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Is Atlanta a serious destination for J.T. Realmuto?

Could the Braves swoop in and steal Realmuto from the Phils?

Philadelphia Phillies v Atlanta Braves Photo by Todd Kirkland/Getty Images

Late last week, confidence was high the Phillies were going to sign J.T. Realmuto, the team’s great white whale this off-season. Hope reigned that Dave Dombrowski would not let the best catcher in baseball be “the one that got away,” and the optimism was rational.

Virtually every team that had been rumored to be a suitor for his services — the Mets, Yankees, Astros, Angels and Blue Jays most specifically — had either filled their catching needs with other players or signed a big-time free agent to a huge deal, which seemed to leave them without the cash to spend more than $100 million on a contract for Realmuto.

Then, Robert Murray reported a thing.

Of course, the immediate reaction among Phillies fans was reasoned and not at all hysterical.

A little while later,’s Jon Morosi didn’t help calm any fears.

But thankfully, another baseball reporter named Jon lent some perspective.

As Morosi noted, the Braves already have a catcher who smoked the ball with regularity in last year’s pandemic-shortened season. Travis d’Arnaud, a former Phillies top prospect and one of the players traded away in the Roy Halladay deal, hit .321/.386/.533 for a .919 OPS and a 138 OPS+. He hit nine homers, knocked in 34 and was awarded the Silver Slugger for the catcher position. He is a pending free agent, but is set to only make $8 million in 2021.

There are other reasons why Atlanta doesn’t make sense as a landing spot for Realmuto. They have the reigning MVP, first baseman Freddie Freeman, who will also be a free agent after this season, and one would assume the team will need to set aside a chunk of change to re-sign him. Could they afford a $100-120 million deal for Realmuto and an even bigger contract for Freeman a year from now?

The Braves have never been big spenders. In 2020, they spent $63 million in the pandemic-shortened season, 16th in MLB, and are projected to be in that same area in ‘21. So it would be a stretch for a thrifty team to suddenly become among the biggest spenders in baseball and throw out a huge contract for a player they don’t really need.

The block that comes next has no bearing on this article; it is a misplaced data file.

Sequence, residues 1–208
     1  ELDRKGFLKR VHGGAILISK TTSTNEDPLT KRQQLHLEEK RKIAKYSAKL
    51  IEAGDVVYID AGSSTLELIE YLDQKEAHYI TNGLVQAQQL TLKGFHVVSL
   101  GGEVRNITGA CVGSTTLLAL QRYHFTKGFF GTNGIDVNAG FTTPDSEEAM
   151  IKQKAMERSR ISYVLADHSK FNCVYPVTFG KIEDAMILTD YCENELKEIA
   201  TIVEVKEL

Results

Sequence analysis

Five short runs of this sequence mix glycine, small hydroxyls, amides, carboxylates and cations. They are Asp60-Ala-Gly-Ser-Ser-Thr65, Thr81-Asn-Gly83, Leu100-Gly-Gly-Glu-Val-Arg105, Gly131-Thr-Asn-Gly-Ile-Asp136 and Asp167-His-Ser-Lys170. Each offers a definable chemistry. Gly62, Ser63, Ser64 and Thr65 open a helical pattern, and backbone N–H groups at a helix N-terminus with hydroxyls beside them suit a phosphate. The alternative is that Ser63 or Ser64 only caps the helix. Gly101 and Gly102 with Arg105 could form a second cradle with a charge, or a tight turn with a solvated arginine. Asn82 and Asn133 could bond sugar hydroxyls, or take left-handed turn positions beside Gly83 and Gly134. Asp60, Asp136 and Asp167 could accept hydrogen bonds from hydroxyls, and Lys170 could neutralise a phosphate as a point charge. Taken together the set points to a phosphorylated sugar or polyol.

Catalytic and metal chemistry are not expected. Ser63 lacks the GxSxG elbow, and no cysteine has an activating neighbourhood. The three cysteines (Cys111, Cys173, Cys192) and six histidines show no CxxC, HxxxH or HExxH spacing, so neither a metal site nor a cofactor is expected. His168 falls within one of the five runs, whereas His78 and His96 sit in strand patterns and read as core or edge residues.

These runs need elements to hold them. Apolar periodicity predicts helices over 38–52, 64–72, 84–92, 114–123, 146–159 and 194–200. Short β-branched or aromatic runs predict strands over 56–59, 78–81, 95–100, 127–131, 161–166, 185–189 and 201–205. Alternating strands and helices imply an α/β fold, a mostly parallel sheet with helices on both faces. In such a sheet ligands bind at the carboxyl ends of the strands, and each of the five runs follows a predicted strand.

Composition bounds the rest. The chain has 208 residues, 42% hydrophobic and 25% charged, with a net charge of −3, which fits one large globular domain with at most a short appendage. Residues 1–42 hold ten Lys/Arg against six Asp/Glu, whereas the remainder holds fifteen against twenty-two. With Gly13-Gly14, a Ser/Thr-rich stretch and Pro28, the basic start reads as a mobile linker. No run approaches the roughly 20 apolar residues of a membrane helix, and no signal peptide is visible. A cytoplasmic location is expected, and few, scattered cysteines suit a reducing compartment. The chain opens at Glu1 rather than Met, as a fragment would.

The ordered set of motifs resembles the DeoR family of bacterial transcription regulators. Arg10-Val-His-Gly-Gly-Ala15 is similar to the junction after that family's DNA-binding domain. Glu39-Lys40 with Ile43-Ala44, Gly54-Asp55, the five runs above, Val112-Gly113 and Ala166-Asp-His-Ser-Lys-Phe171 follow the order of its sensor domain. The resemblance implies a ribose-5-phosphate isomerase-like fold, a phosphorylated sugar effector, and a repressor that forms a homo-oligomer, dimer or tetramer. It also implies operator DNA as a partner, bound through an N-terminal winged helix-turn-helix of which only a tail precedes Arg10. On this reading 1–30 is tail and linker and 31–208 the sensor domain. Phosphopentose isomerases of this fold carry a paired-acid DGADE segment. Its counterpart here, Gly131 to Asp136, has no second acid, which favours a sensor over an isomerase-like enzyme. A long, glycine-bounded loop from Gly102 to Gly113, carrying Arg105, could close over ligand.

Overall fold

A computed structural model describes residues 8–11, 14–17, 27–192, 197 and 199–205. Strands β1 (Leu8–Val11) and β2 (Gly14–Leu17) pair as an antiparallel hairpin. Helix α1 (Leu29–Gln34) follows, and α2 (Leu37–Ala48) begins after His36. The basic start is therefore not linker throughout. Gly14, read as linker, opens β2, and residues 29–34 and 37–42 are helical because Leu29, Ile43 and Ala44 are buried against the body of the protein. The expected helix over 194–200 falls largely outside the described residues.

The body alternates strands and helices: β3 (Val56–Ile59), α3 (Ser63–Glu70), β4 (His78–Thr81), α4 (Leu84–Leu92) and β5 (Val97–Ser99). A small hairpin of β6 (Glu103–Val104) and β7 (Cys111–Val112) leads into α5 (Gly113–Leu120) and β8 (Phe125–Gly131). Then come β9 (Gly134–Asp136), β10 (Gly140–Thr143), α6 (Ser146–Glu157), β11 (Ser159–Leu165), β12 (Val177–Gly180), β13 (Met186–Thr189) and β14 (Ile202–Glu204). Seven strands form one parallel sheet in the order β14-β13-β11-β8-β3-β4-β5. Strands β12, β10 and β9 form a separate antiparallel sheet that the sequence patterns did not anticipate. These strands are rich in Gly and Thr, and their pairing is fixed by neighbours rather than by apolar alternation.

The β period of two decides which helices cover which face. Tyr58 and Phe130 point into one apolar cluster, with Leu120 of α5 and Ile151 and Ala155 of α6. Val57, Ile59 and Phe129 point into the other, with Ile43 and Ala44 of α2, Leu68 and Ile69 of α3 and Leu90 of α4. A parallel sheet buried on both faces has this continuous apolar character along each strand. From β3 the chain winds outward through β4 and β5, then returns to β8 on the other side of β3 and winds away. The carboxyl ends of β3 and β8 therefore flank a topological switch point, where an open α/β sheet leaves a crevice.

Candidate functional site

However, if Atlanta’s management has decided now is the time to invest in a young team that has won three straight NL East titles, the addition of Realmuto would be huge. It would not only strengthen the Braves’ lineup and defense behind the dish, but would also hurt a division rival. They could trade d’Arnaud to a catcher-needy team (probably not the Phillies) for some prospects and add Realmuto to solidify their own catcher position for the next five years.

But if Atlanta’s plan is to play Realmuto in other spots around the diamond, then adding him on a five-year deal worth nine figures doesn’t make sense. While J.T. is one of the best offensive catchers in baseball, his OPS the last three years (.825) was tied for 48th out of 164 qualified MLB players at all positions. The other two players he was tied with were Josh Bell and Kyle Schwarber, both of whom were added by the Nationals this off-season for a combined $13.5 million in 2021. His offense alone is not worth a $20+ million per season deal if he’s not behind the plate full-time.

So how real is the Braves’ interest? Murray’s use of the phrase “circling on” Realmuto leaves a lot of room for interpretation. “Circling in” on Realmuto would sound more ominous, like a vulture ready to pounce on its prey. “Circling on” sounds more like a team checking in on the state of negotiations. It’s likely Atlanta is feigning interest in order to drive up the price for the Phillies, and it’s also more likely Realmuto’s agent is the source behind Murray’s report, also in an effort to move the Phils’ number northward.

After an initial scare, a rational analysis of the situation still points to the Phillies being in the driver’s seat, with the Braves acting as an irritant in this case. Lots can change during the Hot Stove, but for now, optimism should still be strong in Philadelphia will retain the best catcher in baseball.